India's new Prime Minister Narendra Modi toured the ancient Japanese city of Kyoto on Sunday, the second day of a visit intended to strengthen security and economic relations and counter a increasingly assertive China.
Modi was accompanied by Prime Minister Shinzo Abe on his visit to a historic temple a day after he had a private dinner with Abe.
It is unusual for a Japanese prime minister to greet a foreign guest outside Tokyo.
The two leaders visited the 1,200-year-old Buddhist temple of Toji, a World Heritage site, and offered prayers in front of ancient statues early Sunday.
They also took a short walk near a five-storey pagoda in the company of a priest. Buddhism, born in the Indian subcontinent, was brought to Japan through China and Korea in the sixth century.
Later in the day Modi met Nobel Prize-winning stem cell researcher Shinya Yamanaka, who heads the Center for iPS Cell Research and Application at Kyoto University and briefed the Indian leader about cutting-edge research.
Modi arrived Saturday at Kansai International Airport near the western city of Osaka by special plane for a night in nearby Kyoto.
He will hold an official summit with Abe in Tokyo on Monday as well as meetings with business leaders.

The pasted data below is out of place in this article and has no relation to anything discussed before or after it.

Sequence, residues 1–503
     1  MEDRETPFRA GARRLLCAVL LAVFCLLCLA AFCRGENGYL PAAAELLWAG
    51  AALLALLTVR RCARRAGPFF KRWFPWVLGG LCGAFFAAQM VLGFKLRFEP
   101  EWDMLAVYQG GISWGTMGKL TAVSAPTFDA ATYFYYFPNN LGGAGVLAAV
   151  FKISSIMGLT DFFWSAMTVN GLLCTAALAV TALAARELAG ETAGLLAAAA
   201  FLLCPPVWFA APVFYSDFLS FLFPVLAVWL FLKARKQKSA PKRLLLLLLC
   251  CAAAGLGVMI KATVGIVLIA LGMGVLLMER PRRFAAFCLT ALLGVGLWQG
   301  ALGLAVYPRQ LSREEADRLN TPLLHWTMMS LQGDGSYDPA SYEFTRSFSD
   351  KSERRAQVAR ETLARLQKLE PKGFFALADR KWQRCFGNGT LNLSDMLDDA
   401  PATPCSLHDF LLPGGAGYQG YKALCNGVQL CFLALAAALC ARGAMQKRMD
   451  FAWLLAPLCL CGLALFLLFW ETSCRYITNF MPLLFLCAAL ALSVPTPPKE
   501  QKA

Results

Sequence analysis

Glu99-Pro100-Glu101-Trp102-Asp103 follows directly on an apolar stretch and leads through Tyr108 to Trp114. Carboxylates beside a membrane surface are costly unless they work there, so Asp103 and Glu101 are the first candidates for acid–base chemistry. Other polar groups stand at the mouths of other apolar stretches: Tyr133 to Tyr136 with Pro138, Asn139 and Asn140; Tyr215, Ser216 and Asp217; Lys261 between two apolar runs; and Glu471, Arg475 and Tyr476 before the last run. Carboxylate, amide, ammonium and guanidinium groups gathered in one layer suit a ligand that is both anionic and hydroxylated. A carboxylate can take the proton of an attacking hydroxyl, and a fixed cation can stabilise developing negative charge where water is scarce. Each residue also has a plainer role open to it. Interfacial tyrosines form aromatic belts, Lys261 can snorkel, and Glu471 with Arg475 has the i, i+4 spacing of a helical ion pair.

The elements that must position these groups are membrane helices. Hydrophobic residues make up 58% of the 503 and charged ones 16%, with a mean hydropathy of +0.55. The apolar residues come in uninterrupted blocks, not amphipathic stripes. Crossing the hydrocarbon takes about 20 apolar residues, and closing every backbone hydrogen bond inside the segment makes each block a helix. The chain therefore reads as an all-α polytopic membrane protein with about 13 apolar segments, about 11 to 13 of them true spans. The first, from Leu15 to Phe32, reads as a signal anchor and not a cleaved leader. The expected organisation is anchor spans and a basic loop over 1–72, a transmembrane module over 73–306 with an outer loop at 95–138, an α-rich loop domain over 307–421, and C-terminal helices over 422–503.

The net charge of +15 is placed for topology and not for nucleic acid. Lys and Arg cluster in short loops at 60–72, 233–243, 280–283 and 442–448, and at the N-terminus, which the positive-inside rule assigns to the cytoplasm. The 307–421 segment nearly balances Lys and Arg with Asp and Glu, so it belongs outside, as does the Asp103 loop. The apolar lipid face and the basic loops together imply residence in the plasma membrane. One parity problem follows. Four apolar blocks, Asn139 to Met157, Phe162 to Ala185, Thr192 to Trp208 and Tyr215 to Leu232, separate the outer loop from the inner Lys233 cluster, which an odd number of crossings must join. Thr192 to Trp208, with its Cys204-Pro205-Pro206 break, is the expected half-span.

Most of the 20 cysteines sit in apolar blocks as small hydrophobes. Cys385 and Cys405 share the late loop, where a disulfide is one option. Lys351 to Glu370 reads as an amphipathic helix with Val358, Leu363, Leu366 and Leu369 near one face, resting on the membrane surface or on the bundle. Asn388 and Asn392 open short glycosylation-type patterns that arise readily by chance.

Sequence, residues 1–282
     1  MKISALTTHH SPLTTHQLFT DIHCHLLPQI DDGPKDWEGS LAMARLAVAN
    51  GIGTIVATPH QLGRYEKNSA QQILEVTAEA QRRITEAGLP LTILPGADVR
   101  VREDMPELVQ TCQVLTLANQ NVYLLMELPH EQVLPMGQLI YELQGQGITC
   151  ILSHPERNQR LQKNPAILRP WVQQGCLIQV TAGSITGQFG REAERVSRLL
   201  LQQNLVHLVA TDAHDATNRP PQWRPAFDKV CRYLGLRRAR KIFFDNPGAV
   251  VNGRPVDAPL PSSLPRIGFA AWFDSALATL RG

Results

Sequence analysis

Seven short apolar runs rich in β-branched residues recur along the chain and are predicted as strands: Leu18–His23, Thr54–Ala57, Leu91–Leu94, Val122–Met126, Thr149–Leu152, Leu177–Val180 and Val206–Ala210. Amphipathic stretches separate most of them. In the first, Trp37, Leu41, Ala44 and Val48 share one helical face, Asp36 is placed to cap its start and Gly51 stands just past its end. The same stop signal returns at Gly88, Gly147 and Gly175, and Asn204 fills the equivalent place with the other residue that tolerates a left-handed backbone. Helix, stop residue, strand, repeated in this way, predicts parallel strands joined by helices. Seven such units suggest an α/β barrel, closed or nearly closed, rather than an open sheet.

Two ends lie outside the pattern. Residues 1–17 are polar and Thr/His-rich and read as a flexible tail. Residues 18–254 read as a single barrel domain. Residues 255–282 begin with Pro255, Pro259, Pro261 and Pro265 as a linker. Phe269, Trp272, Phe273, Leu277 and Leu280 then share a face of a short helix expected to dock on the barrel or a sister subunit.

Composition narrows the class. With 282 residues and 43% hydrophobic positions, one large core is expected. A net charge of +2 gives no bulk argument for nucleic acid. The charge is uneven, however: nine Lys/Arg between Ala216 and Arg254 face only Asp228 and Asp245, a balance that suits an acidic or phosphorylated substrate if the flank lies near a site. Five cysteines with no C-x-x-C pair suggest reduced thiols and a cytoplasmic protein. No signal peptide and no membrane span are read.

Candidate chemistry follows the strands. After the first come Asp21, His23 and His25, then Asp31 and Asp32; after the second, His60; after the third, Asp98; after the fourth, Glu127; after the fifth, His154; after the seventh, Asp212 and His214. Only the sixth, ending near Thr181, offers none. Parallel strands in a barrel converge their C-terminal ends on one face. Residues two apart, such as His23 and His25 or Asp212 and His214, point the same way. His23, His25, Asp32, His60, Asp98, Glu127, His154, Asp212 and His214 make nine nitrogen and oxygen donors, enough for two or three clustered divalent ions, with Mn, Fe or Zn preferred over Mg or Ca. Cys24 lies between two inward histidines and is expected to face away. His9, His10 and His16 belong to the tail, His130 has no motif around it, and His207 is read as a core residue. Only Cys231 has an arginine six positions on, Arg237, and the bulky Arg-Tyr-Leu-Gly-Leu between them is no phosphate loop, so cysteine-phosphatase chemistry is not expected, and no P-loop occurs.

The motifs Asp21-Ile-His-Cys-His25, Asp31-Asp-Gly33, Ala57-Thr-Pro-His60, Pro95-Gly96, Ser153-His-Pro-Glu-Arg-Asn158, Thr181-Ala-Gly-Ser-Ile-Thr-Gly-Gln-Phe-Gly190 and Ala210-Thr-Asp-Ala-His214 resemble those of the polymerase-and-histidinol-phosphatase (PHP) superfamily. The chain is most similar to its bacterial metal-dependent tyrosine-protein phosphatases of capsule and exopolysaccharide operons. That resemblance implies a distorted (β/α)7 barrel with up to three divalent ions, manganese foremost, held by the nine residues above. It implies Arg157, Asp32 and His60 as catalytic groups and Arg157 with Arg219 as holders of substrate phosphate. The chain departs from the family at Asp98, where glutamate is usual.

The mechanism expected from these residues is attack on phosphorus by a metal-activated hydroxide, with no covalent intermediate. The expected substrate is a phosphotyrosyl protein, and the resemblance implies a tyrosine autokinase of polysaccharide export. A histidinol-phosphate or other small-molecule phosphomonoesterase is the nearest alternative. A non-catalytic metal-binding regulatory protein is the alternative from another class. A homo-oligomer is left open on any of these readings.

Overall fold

Both nations hope to curb Beijing's rising activity in the East and South China Seas and the Indian Ocean.
In New Delhi, the Indian premier told Japanese media in an interview last week that the two nations could "upgrade" their relations in the fields of defence and security.
"I see in the recent changes in Japan's defence export policies and regulations a possibility to engage in a new era of cooperation in high-end defence technology and equipment," he said.
At the summit the two premiers are likely to agree on launching a "two-plus-two" security consultative framework involving their foreign and defence ministers, according to Japanese media.
Japan already has such arrangements with the United States, Australia, Russia and France.
India and Japan will also try to conclude talks on a civilian nuclear agreement that would allow Tokyo to export nuclear-related technology to New Delhi, reports said.
They are also expected to agree jointly to produce rare earths that could be exported to Japan, a move that would further reduce Japan's reliance on China for the supply of such minerals, Kyodo News and other media said.
Rare earths are vital for the manufacture of high-tech products such as hybrid cars and mobile phones.